When including the potential benefits from all three elements, the central estimates were EUR 12,149 for Finland, EUR 13,707 for Germany, EUR 10,734 for Switzerland and EUR 11,811 for the UK.
The results were most sensitive to changes in utility directly attributable to weight losses, with ICERs increasing (decreasing) by an average of 90% (28%) when using the lower (upper) confidence intervals.
The study showed that benefits associated with sibutramine-induced weight loss were obtained at a reasonable cost, and suggested that sibutramine treatment could be considered a viable option for pharmacotherapy treatment alongside diet and exercise.
CRD COMMENTARY - Selection of comparators
The comparator used was justified, mainly because a non-pharmacological treatment based on diet and lifestyle advice is the current practice in the settings analysed by the authors. You should decide if the comparator represents current practice in your own setting or whether other weight reducing drugs could also be relevant.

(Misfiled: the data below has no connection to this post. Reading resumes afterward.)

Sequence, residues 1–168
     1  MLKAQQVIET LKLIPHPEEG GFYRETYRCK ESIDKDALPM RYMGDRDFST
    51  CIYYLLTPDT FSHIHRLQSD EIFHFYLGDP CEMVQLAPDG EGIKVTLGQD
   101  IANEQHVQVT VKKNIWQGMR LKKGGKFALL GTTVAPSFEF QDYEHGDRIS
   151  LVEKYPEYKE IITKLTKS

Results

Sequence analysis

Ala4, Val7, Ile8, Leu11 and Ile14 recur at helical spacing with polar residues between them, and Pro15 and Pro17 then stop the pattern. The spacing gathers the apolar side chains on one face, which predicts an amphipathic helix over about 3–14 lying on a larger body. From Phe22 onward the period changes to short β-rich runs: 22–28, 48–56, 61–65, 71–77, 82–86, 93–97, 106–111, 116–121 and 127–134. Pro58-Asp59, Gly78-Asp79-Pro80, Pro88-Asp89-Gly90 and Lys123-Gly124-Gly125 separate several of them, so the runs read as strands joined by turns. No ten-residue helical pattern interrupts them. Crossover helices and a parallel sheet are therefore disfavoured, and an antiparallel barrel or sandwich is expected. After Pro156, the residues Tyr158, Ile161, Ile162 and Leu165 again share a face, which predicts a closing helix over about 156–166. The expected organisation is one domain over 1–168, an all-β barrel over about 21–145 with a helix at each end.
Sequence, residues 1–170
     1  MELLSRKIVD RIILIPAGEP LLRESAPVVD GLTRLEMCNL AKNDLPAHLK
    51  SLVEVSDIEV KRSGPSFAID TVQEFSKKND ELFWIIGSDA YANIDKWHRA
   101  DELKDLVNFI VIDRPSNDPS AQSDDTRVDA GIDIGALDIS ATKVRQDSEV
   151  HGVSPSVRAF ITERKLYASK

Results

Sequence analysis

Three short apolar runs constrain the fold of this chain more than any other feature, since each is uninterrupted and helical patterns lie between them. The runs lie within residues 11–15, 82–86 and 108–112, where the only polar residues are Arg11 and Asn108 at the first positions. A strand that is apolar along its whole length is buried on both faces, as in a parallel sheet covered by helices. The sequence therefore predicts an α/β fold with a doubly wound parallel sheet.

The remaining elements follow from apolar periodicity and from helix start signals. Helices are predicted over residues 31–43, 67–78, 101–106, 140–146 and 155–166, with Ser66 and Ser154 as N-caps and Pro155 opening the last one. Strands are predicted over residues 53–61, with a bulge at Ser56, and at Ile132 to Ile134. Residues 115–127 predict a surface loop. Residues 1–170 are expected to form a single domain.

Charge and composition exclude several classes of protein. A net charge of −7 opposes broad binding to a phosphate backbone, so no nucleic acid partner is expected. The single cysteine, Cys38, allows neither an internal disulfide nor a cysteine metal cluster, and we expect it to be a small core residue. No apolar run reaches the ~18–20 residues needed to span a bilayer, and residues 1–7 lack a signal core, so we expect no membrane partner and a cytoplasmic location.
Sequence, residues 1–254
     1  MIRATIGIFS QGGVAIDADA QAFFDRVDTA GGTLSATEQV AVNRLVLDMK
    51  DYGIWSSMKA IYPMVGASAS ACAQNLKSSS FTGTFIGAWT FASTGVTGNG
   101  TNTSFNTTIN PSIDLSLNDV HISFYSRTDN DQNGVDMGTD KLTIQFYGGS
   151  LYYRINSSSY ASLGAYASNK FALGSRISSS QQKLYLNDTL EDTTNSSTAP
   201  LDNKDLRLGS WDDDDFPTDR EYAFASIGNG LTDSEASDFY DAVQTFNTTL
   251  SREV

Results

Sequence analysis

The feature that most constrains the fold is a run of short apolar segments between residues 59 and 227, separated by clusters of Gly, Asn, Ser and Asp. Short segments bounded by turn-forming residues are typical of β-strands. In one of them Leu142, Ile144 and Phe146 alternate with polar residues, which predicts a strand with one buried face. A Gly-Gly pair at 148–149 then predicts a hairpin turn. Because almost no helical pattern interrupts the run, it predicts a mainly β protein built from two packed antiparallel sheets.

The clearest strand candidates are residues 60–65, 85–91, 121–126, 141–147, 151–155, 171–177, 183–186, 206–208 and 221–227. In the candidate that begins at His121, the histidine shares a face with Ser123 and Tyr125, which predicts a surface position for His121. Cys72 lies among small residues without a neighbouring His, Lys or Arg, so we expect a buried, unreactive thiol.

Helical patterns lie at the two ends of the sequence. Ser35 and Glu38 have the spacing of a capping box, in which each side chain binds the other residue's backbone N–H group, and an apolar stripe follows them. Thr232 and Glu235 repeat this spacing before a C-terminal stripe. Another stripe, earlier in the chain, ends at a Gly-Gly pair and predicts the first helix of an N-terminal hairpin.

Validity of estimate of measure of effectiveness
The authors selectively combined data from existing models with data from several published studies of varying design, expert opinion and authors- assumptions. No systematic search for data was reported, so the possibility of selection bias cannot be eliminated. A positive feature of the study was that randomised clinical trials, which are an adequate source to estimate effectiveness, were used to derive the effectiveness and treatment effects on weight change. However, a systematic review was not performed in order to evaluate all the effectiveness evidence.
Validity of estimate of measure of benefit
The estimation of health benefits (QALYs) was modelled based on the SAT trial, which was designed specifically to examine the relationship between weight loss and quality of life. The methods to estimate the utility weights were described and the source reported as they were taken from a published paper (Hauner et al. 2004). With the exception of Finland, where specific utility measures were available, UK age-specific utilities were generally used to derive the QALYs.
Validity of estimate of costs